Journalin symptoms and habits for managing RA

Keeping Tabs

When I was twelve I wrote about my cat in a journal. I wrote each entry in the first person based on what she did each day. I continued this long after we got our second cat and our first dog but soon, school and life got in the way and I stopped. (Now that these three just crossed the threshold from geriatric to ancient I kind of wish I hadn’t stopped writing!)

A way to express me

From middle school to high school, I wrote occasionally but instead found it more fun to write my friend’s daily quotes all over my desk. To this day, I can tell you the story behind each one.

I didn’t journal in college, though maybe I should have. College was an interesting time and thankfully I remember most of it clear as day.

I was diagnosed right out of university and am 100% sure I experienced symptoms while there. This is when I started to journal again (by the way, I’m going to make journaling a verb even if my computer does not think it is one). It was a way for me to vent about what was happening to me. I found I wrote every little detail about every little thing and I ran very quickly through multiple notebooks. My brain felt better even though my fingers and hands did not.

Clearing my headspace

But, then I puttered out. There were large gaps in my journals from weeks to months. I think one was as long as six months and I realized my head was jumbled. I had too many feelings floating around, bumping into each other, clogging my headspace. I needed a better way of mapping out my thoughts. One journal for everything was just too confusing so I bought two more and organized them.

I recorded my daily activities in the first. I wrote about my day, how I felt about it and any other thoughts that ran through my mind at that moment. It helped me stay present and accountable to myself.

Journaling health trends for RA

The second chronicled my diet and medications. I didn’t count calories or portion control but used it to find trends. I also wrote my work schedule and how many naps I took and for how long. I found this the most helpful out of all my notebooks. I found out last year I lost 15 pounds because I had unknowingly cut out fatty foods (like picking the nuts out of my granola in the morning, not eating avocadoes or eggs and replacing whole fat greek yogurt with non fat). I also found out I am out like a lightbulb the weekend after my Orencia infusion.

The third journal was just a “symptom checker”. I wrote about my physical symptoms and color coded them. I made sure to write down pain “level”, any immobility, dry eyes, skin changes, period checker and anything else my doctor and I had spoken about.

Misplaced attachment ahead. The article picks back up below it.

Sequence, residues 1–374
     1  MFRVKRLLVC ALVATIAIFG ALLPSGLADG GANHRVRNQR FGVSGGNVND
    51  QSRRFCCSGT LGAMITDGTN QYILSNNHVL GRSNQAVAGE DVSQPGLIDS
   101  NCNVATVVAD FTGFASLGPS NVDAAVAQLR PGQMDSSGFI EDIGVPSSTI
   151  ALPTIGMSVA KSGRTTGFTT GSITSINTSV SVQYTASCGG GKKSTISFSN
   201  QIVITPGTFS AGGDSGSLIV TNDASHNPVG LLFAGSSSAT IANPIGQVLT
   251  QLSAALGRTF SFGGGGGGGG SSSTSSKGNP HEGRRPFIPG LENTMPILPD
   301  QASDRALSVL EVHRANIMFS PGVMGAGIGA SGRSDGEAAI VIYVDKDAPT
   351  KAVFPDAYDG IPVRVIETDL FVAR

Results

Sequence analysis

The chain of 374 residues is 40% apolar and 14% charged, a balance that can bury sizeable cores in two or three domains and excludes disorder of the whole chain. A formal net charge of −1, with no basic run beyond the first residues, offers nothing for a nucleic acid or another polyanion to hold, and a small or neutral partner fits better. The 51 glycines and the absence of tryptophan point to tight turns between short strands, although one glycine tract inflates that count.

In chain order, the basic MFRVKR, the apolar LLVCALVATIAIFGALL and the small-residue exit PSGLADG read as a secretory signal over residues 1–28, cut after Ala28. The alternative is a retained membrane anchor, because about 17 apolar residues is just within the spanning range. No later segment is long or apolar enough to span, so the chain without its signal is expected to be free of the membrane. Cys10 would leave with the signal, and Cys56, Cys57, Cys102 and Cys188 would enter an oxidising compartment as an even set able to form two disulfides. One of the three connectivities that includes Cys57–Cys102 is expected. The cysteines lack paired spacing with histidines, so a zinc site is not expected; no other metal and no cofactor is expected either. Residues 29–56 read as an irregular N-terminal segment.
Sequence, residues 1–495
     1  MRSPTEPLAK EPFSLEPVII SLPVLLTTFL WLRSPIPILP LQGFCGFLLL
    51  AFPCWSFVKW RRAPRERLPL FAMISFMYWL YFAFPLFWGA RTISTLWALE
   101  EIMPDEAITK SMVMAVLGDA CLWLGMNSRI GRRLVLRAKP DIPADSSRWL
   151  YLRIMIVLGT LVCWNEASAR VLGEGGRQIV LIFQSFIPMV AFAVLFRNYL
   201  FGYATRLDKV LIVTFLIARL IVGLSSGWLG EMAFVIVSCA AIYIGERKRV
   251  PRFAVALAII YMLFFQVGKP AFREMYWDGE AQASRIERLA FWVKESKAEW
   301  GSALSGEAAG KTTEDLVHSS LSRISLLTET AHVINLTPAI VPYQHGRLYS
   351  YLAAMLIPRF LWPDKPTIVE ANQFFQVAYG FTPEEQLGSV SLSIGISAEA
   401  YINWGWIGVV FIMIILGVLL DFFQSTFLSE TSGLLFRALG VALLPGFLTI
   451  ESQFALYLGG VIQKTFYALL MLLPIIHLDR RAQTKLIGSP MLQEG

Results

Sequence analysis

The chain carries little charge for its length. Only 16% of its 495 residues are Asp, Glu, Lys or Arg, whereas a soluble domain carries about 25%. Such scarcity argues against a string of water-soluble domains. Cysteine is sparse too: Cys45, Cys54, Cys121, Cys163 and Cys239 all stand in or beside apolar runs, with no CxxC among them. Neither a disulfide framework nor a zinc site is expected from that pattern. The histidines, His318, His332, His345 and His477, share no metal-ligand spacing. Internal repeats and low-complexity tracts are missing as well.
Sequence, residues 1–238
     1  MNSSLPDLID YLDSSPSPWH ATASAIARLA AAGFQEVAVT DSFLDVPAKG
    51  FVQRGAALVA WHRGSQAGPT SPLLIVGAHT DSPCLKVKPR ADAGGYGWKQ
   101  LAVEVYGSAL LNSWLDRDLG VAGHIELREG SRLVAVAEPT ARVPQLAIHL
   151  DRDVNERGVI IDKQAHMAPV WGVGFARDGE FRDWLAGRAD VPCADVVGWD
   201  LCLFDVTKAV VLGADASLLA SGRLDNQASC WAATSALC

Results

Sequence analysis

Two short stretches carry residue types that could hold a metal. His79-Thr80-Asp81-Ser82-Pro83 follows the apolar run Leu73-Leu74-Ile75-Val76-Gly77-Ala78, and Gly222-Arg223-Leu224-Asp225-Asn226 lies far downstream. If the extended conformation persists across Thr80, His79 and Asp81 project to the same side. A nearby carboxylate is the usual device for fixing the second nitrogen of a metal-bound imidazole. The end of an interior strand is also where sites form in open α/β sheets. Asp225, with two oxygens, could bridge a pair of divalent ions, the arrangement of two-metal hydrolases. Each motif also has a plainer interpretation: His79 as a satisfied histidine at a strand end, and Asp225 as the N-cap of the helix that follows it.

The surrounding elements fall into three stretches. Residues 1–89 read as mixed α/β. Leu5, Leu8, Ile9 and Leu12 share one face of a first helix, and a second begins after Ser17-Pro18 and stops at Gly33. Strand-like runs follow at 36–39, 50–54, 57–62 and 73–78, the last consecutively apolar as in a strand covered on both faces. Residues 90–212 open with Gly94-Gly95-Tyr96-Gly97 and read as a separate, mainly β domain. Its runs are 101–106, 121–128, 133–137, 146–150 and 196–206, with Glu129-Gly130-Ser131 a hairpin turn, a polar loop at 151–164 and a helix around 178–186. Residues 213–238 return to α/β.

Journaling was to me as the Pensieve was to Dumbledore. It cleared my mind of the extra thoughts that clouded my judgment or biased my decisions. I also made the most of my doctor’s visits. Before I saw my rheumatologist, I quickly scanned the entries since my last appointment and noted my concerns or questions.

Do you journal? What about? If not, are you thinking about it? I can honestly say it’s helped me tremendously during my journey with Rheumatoid Arthritis and recommend it to everyone!

This article represents the opinions, thoughts, and experiences of the author; none of this content has been paid for by any advertiser. The RheumatoidArthritis.net team does not recommend or endorse any products or treatments discussed herein. Learn more about how we maintain editorial integrity here.

Comments

View Comments (7)
  • SydneyH
    8 months ago

    I have journalled for for a while now. I track the lots and expiration dates of my RA drugs. I also track my symptoms or anything unusual that’s going on. I track my blood pressure since it can vary wildly. I also keep a regular journal that I write in as needed. I do okay with keeping them up but I do drift away from them from time to time, probably when I need to journal the most. I use phone apps for some things and physical journals and calendars for others. I tend to ignore my symptoms if I can, so this helps me stay aware of how I’m doing.

  • Monica Y. Sengupta moderator author
    8 months ago

    I love this comment, Sydney and it has given me some great ideas for my own journals. I’m glad journaling has helped you through this journey! All the best!

  • Lawrence 'rick' Phillips
    9 months ago

    I do not journal as much as I want. My blog has become my journal and frankly I have allowed it to go lacking of late. Your discussion gives me reason to get going again.

  • Monica Y. Sengupta moderator author
    8 months ago

    Let’s blog together!! After I got sick in January I lost my writing mojo and like you, didn’t update my blog as much.

    I’m glad I sparked your interest again! Good luck and I’m really looking forward to reading your articles, Rick!!

  • CaseyH moderator
    9 months ago

    So glad you found this article inspiring, Rick! We so hear you on the need to prioritize activities and sometimes let things go, however, I’m glad to read that your considering taking up journaling and blogging again! That’s great! -Casey, RheumatoidArthritis.net Tean

  • Jo J
    9 months ago

    I’m definitely considering journaling. Anyone using an electronic or online journal? Writing by hand is sometimes difficult for many of us with RD.

  • Monica Y. Sengupta moderator author
    8 months ago

    Completely agree, J0dspace! When I am painful I either use a note app on my phone with the microphone or a word document on my computer with dictation software.

    Though, nowadays, blogging platforms allow you to make your entries private so that might be an option!

    Thanks for commenting on my article!!

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